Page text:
I came of age in the 90s and early 00s which I am very thankful for. We used to have parties, some of them we called “sessions” and had a great time enjoying each other’s company. We built bonds and friendships. We “talked” and got to know each other before getting serious. We went on actual dates. We didn’t have to prove anything to social media to have fun and feel loved. We also had really good music and a beautiful culture.
It was exciting and relaxing and everyone just showed love towards each other. I believe that some things are so precious. Like togetherness, love, and decency. Understanding how valuable other good people are, and that you should be good to others.
Because I think many people are realizing how important it is to have other decent people to talk to and heal with at this crucial time.
I think that maybe the prevalence of social media has been a huge culprit in how disconnected we have become as a society. People are constantly looking at their phones and not looking at, responding to, or showing love to the people who are right there in the room. The people who could care about you and/or who you should care about. And despite people’s phone addictions, you are still lucky if you can get a text back!
Some are so concerned about what Twitter or Instagram folks are talking about, but too busy to respond to a family member or friend who is going through tough times. And somehow, we have normalized this behavior.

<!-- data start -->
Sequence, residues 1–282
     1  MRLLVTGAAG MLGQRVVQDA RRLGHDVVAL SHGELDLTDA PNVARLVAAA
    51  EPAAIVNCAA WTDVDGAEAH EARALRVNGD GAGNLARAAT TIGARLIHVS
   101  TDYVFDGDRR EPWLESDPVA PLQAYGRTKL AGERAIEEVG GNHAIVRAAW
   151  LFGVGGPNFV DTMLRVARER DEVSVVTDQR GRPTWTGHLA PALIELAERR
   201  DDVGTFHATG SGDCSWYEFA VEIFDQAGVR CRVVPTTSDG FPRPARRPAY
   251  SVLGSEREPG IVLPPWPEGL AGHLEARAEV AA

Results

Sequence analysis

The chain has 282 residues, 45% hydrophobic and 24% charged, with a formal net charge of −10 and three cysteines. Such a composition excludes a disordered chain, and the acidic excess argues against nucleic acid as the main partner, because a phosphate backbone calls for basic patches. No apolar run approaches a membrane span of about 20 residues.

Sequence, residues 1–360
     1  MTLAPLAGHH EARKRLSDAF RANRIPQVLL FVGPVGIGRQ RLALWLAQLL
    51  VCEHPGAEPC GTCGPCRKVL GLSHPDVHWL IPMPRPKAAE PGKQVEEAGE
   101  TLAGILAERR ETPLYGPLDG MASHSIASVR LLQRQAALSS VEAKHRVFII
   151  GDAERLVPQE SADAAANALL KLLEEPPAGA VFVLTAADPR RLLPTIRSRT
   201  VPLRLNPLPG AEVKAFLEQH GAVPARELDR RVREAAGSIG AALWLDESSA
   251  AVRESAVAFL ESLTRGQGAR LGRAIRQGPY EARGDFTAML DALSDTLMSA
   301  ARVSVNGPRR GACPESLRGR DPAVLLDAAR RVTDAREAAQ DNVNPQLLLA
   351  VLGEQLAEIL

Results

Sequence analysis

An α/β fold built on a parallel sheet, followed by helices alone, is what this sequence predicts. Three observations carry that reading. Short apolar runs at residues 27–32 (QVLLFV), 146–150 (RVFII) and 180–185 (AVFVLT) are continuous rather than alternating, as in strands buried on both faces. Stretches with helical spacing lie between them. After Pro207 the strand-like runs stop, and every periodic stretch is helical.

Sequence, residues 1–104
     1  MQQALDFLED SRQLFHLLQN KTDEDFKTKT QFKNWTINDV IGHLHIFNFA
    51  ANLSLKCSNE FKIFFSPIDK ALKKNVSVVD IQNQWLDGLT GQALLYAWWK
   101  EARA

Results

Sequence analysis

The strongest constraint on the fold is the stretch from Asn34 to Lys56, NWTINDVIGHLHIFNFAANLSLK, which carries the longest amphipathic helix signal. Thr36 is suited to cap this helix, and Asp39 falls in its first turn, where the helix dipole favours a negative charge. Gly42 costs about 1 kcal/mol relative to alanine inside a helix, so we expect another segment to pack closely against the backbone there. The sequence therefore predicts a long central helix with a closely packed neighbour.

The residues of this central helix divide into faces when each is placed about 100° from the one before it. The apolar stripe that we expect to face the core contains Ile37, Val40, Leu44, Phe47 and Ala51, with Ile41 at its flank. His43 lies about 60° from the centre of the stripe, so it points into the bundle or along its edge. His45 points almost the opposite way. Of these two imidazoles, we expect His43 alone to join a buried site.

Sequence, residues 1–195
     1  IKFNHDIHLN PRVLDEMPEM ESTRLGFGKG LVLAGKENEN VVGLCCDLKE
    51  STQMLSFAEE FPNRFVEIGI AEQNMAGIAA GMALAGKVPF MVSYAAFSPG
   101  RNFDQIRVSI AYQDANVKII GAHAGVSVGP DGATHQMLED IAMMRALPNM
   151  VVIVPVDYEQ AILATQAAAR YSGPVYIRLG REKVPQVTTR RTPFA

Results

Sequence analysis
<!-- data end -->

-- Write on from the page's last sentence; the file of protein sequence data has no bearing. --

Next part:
Hurt People Hurt People (Or At Least Try To)
Let’s be clear. A lot of people are miserable and hurt. Mean and selfish. I have witnessed people throw their trash out the window of their cars as if the world is their trash can. I have had the displeasure of watching how white supremacists act when they don’t get their way. It was displayed on my TV like it was a fictional program. I’ve seen people speeding like they have no sense when they really don’t even have anywhere important to go. Speeding up to stop signs.
I have seen people refuse to wear a mask properly amidst a pandemic that has cost a half a million lives. I have seen people treat healthcare workers like crap, even the ones who truly go above and beyond to help. Yes, it’s their job. They are heroines and heros, yet they are still human. They are people and they go through difficult things just like anyone else.
Some people want to spread their negativity to other people because they are terrified of being alone. Misery loves company. They can’t imagine the possibility of simply being a good person to others, maybe because they’ve never seen it in childhood and beyond.
But we cannot let that energy consume us. We have to be better than that.
If you can, watch the movie Ink with a close eye. Understand the message about negative people who refuse to treat others with respect and love.
It’s not hopeless. There is hope for a brighter day. But it’s up to us to make things better. We must transition back to love, togetherness, and decency. Simple things like caring about one another. Responding when people call, especially if they are experiencing difficulties in life. Looking after Mother Nature and the environment in whatever way we can. Reading inspiring books, podcasts, and other media that will encourage us and help us as well as the world in general.
This is important and this is how we can get through this time.
Lynn Gilliard is the author of a popular relationship guide entitled Let Him Chase YOU. Her latest book Sing While You’re Single offers advice to women who want to remain single for the time being while still maintaining their belief in the power and possibility of love.